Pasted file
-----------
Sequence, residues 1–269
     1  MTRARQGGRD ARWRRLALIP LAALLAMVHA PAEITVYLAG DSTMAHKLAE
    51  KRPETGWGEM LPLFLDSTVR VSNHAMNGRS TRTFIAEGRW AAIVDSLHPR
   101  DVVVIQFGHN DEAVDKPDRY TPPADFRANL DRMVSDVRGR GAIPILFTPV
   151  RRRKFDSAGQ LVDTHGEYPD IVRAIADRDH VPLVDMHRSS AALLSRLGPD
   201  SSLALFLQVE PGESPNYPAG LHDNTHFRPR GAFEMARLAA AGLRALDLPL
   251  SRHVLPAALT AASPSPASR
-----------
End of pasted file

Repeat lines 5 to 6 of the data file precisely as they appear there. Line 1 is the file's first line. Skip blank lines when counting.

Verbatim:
   151  RRRKFDSAGQ LVDTHGEYPD IVRAIADRDH VPLVDMHRSS AALLSRLGPD
   201  SSLALFLQVE PGESPNYPAG LHDNTHFRPR GAFEMARLAA AGLRALDLPL